How Do *You* Deep Clean Hardwood Floors?

chisueNovember 26, 2005

There's been some discussion of the Hoover Floor Mate on other forums. I'm leary of using this on site-laid poly-finished hardwood flooring. It sounds convenient, but someone raised the point of water seeping between the boards and eventually damaging the flooring. I know the poly "seal" is gone with the first seasonal change -- boards expand and contract with the weather. Hoover only provides a "do what you think best" sort of answer. Maybe Consumer Report has commented? What do you think? How do you clean your hardwood flooring?

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Well, water can damage any wood floor. So you dust mop and spot clean any sticky mess. You do not use water to wash the floor like you would on a vinyl floor. I grew up in a house built in 1900 that had solid oak floors. We dust mopped them at least weekly. When Dad finally decided they needed refreshing, he sanded them down and revarnished them the week we were away visiting our grandmother. They were beautiful when we sold the house 60 years after it was built.

    Bookmark   November 26, 2005 at 4:18PM
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I use a solvent-based hardwood floor cleaner.

You can damp-mop hardwood and clean up messes with a wet rag, but the Hoover Floormate dumps quite a bit of water in the process, and it can't possible get it all out of the cracks between the boards. Next thing you know, you'll have cracking and peeling poly on the floor.

It CAN be used on factory-finished engineered hardwood, because that isn't as absorbent as real wood.

    Bookmark   November 26, 2005 at 8:35PM
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Oh, fooey! I was hoping for an easier way than damp mopping, rinsing, buffing dry. I do vacuum about twice a week, and run around with the Swifter dry mop sometimes.
I also use the Clorox Clean-Up now and then, but that doesn't seem adequate to "deep" clean.

Guess there is no magic easy way! Thanks for the replies!

    Bookmark   November 27, 2005 at 5:50PM
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I am having the same question run through my head. Entire house is hardwood except bathrooms/mudroom. I am considering getting a vapor steam cleaner like the Ladybug XL. Because this steam is at such a high temperature, it is a dry steam and supposedly does a great job of cleaning with minimal moisture to the floor. Still researching though. Dry vapor steam machines are not cheap either...high hundreds to $1,500 is what you'd pay for a good dry steam machine. Good luck in your quest. :)

    Bookmark   November 27, 2005 at 10:58PM
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bbgirl66 -- Somehow I don't see "steam" and "wood" going together, except in a sauna. Nor do I understand "steam" and "dry" as a single concept. Do the makers recommend these cleaners for hardwood (not manufactured hardwood) floors?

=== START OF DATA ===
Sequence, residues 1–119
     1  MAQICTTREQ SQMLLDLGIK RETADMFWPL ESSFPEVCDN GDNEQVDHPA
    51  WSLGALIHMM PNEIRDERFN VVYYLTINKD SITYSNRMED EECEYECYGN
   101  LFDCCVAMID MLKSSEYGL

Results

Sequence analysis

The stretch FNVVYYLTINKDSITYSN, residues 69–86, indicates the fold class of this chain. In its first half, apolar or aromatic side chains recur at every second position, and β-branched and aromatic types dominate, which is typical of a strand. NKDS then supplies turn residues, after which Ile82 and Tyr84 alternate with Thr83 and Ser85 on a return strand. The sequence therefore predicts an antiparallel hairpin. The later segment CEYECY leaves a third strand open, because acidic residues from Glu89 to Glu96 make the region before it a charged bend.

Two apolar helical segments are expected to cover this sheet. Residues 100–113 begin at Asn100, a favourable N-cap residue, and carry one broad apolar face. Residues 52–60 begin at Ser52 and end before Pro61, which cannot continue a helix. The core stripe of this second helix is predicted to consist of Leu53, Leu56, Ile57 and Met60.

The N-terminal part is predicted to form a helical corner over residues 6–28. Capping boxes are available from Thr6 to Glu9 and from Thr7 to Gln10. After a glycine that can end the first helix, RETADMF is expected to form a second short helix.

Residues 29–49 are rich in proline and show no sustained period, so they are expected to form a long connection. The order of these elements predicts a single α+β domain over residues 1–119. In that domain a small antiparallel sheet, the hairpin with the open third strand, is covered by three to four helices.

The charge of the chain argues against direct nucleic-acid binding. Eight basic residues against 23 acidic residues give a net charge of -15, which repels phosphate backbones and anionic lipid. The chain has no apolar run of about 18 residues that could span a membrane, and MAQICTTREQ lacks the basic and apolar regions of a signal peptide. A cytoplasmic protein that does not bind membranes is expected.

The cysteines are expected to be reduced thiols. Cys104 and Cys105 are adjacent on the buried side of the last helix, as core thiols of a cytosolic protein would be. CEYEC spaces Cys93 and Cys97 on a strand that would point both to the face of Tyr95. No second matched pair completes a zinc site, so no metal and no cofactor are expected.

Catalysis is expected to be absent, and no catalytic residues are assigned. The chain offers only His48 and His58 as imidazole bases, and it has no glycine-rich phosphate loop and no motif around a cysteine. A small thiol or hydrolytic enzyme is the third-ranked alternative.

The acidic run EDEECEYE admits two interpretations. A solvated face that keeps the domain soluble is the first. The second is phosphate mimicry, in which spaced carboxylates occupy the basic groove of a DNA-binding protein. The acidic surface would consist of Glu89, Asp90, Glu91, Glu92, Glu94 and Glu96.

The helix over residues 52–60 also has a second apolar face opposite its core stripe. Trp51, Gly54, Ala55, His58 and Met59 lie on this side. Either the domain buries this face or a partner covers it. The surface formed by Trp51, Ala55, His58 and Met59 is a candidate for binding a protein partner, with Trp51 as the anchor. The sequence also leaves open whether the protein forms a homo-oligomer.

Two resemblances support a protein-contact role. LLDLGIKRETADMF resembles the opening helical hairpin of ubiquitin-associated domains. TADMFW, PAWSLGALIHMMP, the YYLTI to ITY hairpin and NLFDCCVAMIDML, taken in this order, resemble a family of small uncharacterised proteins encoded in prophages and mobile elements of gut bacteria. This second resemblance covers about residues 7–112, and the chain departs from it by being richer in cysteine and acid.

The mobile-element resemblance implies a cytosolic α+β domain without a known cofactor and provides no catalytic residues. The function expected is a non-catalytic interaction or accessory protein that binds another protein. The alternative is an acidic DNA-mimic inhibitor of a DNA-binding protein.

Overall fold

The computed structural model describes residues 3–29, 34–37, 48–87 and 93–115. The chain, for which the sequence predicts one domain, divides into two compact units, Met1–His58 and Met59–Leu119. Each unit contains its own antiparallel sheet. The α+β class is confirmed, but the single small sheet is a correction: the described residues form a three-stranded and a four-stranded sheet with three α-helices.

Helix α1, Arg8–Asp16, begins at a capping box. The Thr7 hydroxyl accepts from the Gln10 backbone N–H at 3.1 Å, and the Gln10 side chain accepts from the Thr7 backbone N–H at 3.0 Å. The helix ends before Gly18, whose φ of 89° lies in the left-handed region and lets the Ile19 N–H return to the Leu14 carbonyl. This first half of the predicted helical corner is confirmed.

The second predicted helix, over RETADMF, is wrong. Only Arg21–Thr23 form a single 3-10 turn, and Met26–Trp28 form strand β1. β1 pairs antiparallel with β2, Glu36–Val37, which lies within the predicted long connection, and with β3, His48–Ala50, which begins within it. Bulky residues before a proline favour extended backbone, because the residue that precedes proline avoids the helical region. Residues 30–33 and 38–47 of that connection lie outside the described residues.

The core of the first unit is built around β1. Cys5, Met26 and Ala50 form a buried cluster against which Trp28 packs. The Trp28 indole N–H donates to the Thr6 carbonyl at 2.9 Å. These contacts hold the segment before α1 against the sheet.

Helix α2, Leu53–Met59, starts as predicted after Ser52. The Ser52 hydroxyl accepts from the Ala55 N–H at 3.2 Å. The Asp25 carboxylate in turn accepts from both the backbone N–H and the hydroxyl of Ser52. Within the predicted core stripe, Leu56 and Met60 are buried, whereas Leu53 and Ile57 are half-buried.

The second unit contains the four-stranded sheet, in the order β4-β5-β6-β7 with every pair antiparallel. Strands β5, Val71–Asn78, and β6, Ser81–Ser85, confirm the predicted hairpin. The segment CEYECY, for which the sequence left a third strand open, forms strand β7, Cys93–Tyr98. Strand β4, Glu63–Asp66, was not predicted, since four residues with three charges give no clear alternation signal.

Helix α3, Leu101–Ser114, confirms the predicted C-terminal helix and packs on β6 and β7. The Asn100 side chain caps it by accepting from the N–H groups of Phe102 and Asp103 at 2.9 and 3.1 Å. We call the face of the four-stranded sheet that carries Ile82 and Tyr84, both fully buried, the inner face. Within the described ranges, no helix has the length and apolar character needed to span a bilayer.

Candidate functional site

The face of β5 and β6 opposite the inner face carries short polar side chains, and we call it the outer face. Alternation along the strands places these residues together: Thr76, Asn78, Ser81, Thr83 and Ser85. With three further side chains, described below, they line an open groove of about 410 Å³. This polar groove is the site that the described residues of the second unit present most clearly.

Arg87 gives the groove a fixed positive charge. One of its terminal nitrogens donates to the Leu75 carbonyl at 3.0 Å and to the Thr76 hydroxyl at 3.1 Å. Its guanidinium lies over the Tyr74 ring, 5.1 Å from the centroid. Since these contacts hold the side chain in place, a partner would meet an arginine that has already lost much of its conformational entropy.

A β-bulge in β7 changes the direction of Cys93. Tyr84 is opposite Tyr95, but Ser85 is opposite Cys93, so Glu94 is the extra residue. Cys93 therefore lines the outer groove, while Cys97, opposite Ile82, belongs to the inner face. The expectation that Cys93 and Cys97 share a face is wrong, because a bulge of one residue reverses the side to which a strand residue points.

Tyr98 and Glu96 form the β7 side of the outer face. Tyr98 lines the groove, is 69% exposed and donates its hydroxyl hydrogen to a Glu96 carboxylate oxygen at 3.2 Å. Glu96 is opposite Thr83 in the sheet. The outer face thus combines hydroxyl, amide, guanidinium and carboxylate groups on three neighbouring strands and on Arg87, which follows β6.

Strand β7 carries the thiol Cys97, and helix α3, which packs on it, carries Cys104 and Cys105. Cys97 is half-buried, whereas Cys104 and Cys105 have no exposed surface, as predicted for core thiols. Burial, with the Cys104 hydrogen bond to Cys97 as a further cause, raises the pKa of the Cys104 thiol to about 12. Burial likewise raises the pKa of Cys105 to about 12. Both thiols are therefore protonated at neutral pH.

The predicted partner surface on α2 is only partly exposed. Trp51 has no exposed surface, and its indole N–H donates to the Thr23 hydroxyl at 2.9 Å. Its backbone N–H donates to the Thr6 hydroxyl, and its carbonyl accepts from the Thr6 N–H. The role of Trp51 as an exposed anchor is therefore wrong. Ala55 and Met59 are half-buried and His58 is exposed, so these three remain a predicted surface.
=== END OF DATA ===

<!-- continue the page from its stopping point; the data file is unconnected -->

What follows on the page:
Bookmark   November 28, 2005 at 10:23AM
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deep clean a poly coated floor?

what's the point? it's plastic. wood and water would only meet in the cracks, anyway.

a dash of disinfectant in the mop water would be more than enough- and since it's not soap, there wouldn't need to be any rinsing.

    Bookmark   November 30, 2005 at 1:30PM
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I don't see the need for "deep cleaning" either.

    Bookmark   December 1, 2005 at 10:23AM
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I have a Hoover Floor Mate. I also have engineered oak hardwood floors. (And a side note: engineered flooring is "real" wood. It's not solid hardwood all the way through, but is composed of layers and the top layer (thickness depends on brand) is real oak with a poly finish and should be treated the same as a solid hardwood floor.

As far as Floor Mate, I won't be without it! (Actually, I used the first FM version about 4 years, then a little plastic part broke and water leaked some. So I just replaced it with the purple (500 model, I belive, DH just put it together last night, so I haven't used it yet.) Anyway, I would not recommend using it on hardwood, no matter if it's engineered or solid. It does secrete enough water that it would ruin the floor if it seeped between the seams (and that is inevitable). I do, however, use Floormate religiously on: ceramic, lineoleum and commercial grade laminate. (Our laminate has a rubber backing, since it was installed below grade on top of concrete. It's actually a commercial grade laminate. If I had "residential" laminate, which we are thinking of installing in our kitchen, I would not use the Floor Mate because the underside is not rubber but wood composition and if water seeped between the seams it would ruin the underside of the flooring.) Love my Floor Mate, BTW. The gunky water that is left in the dirty water tank is unreal. I can't go back to a mop and bucket, knowing I'd be spreading that stuff right back onto the floor again. And a double bonus: if you have a bad back, it's a life saver!

So I clean my hardwood this way:
Vacuum thoroughly to get large particles picked up and to avoid scratching flooring with Swiffer or hardwood mop. When I vacuum, I use a filter queen with a hardwood floor brush attachment (no rotating beater/bristles!). Next I follow up with a Swiffer. (I got Swiffer Max, which is much wider and covers more floor space.) After that I spray Bruce Duraluster cleaner on a hardwood mop and wipe the floors. Love the Bruce cleaner, gets the floors really clean (evidence is on the hardwood mop) and leaves a nice satin sheen (but no residue build-up).

Sounds like a lot to do, but it's not really. I can do an entire level of hardwood flooring (3 bedrooms, hall, living room) in under 30 minutes.

    Bookmark   December 1, 2005 at 12:14PM
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